Facebook Users Loath Layout, Re-Redesign in Works

Dennis Faas's picture

You'd think Facebook redesigns were tantamount to government-administered colonoscopies. The popular social networking site recently faced a virtual revolt after adapting its interface to one that, intentionally or not, closely reflects rival Twitter.

Sometimes people like change. A new home arrangement can change one's mood, and perhaps even a new TV can improve it dramatically. However, just about no one seems to enjoy it when Facebook makes alterations to its iconic web page, particularly when changes can make basic functions, like finding the 'events' tab, more difficult than it was the day before. (Source: businessweek.com)

Users incensed with 'Twitbook'

As it is, the new Facebook, like Twitter, is devoted to status updates. The home page is now dominated by the random thoughts and feelings of friends, with each user having the ability to comment on those updates. Imagine someone standing up in the office and screaming at the top of their lungs that they feel like Indian food for lunch, or hated the most recent James Bond flick -- before everyone else around them bellowed out their own two cents.

Thing is, it's not that the redesign is particularly awful -- it's just vastly different than previous designs. It did take this writer about seven solid minutes to find that 'events' tab I mentioned in order to check the status of an upcoming wine-tasting party -- only to find there's now a permanent bar that follows users as they click around. That's useful, but much different than Facebook's previous design, which placed tabs like events on the left side of the home page.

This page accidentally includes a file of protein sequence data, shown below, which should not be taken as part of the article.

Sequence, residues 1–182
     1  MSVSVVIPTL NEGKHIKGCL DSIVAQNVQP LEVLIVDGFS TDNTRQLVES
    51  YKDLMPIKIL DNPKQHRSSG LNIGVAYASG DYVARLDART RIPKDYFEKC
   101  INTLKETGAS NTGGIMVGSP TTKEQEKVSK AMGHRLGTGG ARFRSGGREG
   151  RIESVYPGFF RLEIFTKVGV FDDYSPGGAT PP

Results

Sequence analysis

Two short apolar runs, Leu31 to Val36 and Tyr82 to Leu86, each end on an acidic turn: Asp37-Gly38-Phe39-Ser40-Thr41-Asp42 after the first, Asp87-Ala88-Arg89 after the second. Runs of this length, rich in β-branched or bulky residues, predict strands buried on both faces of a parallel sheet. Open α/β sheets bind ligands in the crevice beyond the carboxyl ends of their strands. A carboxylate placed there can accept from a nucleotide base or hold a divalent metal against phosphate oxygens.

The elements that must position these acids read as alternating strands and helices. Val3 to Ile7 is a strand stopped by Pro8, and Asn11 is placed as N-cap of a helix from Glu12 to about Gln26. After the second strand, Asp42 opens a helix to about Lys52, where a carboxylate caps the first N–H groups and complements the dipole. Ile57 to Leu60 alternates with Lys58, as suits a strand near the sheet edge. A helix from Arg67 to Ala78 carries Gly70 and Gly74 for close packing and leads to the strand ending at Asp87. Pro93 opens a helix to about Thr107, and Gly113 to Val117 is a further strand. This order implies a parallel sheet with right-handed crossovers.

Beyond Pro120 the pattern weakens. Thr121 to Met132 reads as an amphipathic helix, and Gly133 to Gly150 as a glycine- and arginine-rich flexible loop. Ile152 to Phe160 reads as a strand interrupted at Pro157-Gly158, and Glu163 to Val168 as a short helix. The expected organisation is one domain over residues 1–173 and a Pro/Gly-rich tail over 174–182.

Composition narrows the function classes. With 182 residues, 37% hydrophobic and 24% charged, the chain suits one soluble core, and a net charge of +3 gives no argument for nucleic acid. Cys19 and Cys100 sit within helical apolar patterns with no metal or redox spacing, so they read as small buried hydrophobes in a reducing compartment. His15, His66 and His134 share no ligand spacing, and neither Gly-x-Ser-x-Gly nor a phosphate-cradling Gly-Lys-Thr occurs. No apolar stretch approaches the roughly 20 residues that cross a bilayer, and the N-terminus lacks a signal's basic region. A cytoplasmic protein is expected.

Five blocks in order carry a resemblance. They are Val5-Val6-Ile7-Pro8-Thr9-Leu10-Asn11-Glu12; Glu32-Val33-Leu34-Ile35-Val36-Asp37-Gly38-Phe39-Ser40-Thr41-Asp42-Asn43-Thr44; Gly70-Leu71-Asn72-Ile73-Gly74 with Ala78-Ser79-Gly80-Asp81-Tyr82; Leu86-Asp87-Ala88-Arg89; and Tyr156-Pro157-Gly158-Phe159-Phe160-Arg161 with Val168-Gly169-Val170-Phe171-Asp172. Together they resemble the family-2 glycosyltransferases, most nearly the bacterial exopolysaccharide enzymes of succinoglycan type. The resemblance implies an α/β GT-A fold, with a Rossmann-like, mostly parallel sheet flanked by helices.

6% approval ratings

Unfortunately for Facebook, most people don't appear willing to learn its new design. According to reports, of 1.3 million people voting on the redesign, only 80,400 have voted in favor. That's a pretty miserable six per cent. A new Facebook group dedicated to removing the new design, called "Petition Against the 'New Facebook,'" has accumulated an astounding 1.7 million members.

As a result of this massive outcry, Facebook has caved. Company executive Christopher Cox has promised major changes to the status updating system, the left-hand toolbar, and measures returning prominence to new friend requests and event invitations. (Source: computerworld.com)

Users are angry, sure, but Cox and Facebook must be pleased that 1.7 million people are so passionate about the product that they would protest its mere redesign.

I wish I'd invented something so sacred!

| Tags:
Rate this article: 
No votes yet